IOM Supports training of Government officials and Private Employment Agencies on Ethical Recruitment

News Mon, 03/05/2018 - 14:06 Share

IOM is supporting the workshops through its project “Promoting Safe and Fair Labour Migration from Kenya to the Gulf States” funded by the U.S. Department of State, Bureau of Democracy, Human Rights, and Labour and implemented in partnership with Verité, a labour rights non-governmental organisation. | Photo by IOM Kenya

In a bid to support Kenya’s efforts to monitor and regulate international recruitment, and ensure its alignment with international best practices and initiatives, IOM organized two training workshops for Government officials and Private Employment Agencies (PEAs).
The first workshop, held from 20-21 February, sought to strengthen the capacity of the PEAs in Kenya to provide ethical recruitment services to migrant workers. One objective of the workshop was to bring together different actors in the public, private and civil society sectors, in order to promote safe, orderly and regular Migration while being involved in the preparations for the foreign employment.
IOM Senior Regional Specialist on Labour Mobility and Human Development, Jo Rispoli, said that the workshop was important, as it seeks to protect prospective migrant workers during the recruitment process.
“It is imperative that all stakeholders in the recruitment process promote the upholding of ethical recruitment practices, including labour recruiters, governments, and employers in order to ensure that the fundamental human, labour and social rights of migrant workers are duly protected,” Rispoli said.
The workshop included roundtable discussions in which various issues were explored. They touched on ethical recruitment business practices, human trafficking, human rights abuses faced by migrant workers and risks faced by East African migrant workers, among others. The workshop follows several important developments. On 23 January, IOM facilitated the election of new officials of the Association of Skilled Migrants Agencies of Kenya (ASMAK), which is now a self-regulating body for PEAs. The new officials now form the Secretariat that will represent the interest of the association, by having structured engagement with the Government.
The second workshop, held from 22-23 February, targeted Government officials. It sought to strengthen the capacity of the Kenyan Government to monitor and enforce accountability to the country’s labour migration policies on the part of recruiters and other actors involved in flows of workers from East Africa to six Gulf States, namely, the Kingdom of Saudi Arabia, Kuwait, the United Arab Emirates, Qatar, Bahrain, and Oman.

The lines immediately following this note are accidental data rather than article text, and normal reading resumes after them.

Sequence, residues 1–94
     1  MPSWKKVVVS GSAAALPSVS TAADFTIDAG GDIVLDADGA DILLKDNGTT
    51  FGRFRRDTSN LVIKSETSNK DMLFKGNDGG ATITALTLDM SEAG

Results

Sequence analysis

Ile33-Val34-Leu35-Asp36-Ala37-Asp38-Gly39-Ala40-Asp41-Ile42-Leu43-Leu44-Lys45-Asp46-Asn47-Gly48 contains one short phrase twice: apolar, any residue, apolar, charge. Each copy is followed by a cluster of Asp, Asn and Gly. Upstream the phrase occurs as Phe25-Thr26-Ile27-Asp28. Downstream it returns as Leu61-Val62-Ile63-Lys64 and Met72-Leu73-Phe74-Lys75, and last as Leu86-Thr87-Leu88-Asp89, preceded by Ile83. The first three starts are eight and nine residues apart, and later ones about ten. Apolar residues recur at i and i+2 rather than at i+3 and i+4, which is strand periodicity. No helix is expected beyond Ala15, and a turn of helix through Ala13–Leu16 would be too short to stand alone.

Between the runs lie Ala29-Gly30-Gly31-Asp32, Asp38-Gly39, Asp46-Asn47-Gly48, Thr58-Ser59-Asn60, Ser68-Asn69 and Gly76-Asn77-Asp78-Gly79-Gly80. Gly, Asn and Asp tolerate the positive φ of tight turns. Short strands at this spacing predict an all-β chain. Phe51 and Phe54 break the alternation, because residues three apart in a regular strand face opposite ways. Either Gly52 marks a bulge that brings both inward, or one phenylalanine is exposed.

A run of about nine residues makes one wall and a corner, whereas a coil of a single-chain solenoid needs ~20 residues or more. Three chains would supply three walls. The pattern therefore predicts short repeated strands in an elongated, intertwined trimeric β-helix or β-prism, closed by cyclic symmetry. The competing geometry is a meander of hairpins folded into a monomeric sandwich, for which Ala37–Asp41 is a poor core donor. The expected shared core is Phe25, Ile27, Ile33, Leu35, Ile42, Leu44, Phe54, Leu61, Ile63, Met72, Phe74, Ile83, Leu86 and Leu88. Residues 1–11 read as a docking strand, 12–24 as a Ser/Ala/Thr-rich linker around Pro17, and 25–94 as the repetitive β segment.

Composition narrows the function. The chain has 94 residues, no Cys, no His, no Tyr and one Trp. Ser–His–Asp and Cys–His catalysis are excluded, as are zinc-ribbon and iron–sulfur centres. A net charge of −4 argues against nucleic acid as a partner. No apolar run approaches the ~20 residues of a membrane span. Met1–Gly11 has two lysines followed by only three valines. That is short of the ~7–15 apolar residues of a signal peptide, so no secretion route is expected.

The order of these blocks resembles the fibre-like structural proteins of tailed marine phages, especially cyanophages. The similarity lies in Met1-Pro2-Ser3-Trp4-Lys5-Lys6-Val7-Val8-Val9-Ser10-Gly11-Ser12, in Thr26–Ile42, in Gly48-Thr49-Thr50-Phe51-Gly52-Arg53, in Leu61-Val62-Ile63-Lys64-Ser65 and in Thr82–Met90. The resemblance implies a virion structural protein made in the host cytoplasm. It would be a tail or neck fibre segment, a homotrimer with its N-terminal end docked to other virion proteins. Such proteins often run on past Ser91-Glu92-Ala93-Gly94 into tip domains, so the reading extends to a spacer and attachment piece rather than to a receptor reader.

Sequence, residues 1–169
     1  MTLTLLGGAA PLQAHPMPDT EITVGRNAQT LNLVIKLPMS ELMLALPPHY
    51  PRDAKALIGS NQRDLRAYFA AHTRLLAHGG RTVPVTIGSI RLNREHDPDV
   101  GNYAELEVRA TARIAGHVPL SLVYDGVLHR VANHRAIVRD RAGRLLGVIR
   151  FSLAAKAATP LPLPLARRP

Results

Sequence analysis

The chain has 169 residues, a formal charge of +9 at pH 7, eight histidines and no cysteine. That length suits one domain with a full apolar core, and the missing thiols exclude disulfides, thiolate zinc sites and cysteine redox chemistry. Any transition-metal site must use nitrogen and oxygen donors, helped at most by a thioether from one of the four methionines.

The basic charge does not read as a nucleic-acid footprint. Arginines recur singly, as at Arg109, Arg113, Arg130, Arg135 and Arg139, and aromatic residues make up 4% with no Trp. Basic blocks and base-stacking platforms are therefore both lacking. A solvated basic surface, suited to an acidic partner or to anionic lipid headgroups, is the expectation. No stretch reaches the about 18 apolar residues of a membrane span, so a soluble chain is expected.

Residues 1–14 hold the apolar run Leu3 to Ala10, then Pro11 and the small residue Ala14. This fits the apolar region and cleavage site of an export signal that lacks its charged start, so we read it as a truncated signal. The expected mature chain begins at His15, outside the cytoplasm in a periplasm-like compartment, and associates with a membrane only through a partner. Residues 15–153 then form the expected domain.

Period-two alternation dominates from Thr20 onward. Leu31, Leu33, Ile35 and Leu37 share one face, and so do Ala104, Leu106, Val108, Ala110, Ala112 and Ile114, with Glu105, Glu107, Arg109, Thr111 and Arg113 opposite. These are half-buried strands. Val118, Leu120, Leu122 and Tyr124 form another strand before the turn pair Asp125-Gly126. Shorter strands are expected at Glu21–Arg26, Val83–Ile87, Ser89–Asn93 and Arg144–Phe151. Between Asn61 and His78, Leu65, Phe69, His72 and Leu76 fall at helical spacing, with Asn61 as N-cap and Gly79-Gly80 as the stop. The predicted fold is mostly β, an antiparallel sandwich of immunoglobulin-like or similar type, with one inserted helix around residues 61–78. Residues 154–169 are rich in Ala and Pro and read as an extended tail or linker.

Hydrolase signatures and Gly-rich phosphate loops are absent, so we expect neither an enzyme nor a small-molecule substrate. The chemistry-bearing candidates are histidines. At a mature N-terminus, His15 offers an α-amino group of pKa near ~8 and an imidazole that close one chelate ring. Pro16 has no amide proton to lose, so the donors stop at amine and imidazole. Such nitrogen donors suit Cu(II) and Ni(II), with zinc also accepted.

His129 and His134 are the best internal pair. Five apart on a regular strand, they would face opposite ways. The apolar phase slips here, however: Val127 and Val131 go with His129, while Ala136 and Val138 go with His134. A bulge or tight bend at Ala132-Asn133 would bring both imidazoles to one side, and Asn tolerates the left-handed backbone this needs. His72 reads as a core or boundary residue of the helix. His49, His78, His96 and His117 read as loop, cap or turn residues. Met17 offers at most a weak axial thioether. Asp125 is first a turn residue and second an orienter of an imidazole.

The workshop drew officials from the Department of Immigration Services, Ministry of Foreign Affairs, Labour Department, National Employment Agency, State Department and the Kenya National Commission on Human Rights, vetting committee members and Youth Enterprise Development Fund.
Speaking while opening the workshop, the Deputy in charge of the National Coordination Mechanism on Migration (NCM), Ms. Emma Malinda, pointed out that ethical recruitment should align with good practices in the international arena.
“Ethical recruitment contributes to safe, orderly, responsible and regular migration,” she said.
The workshop tackled various topical issues ranging from risks faced by East African migrant workers, the human trafficking element in labour migration, protection of migrant workers, and pre-departure orientation, among others. As the local labour market gets saturated, Kenyans are increasingly seeking employment beyond our borders. At the same time, demand for low-skilled workers from East Africa is increasing, particularly in the Gulf countries.
Labour migration and foreign employment benefit Kenya in form of remittances, skills transfer and source of livelihoods to thousands of Kenyans migrant workers and their families. Just as the broader recruitment sector is driven by a market for quickly available and inexpensive labour, the market for ethical recruitment is associated with business incentives for recruiters to do the right thing on both the employer and migrant ends of the labour supply chain.
IOM is supporting the workshops through its project “Promoting Safe and Fair Labour Migration from Kenya to the Gulf States” funded by the U.S. Department of State, Bureau of Democracy, Human Rights, and Labour and
implemented in partnership with Verité, a labour rights non-governmental organisation.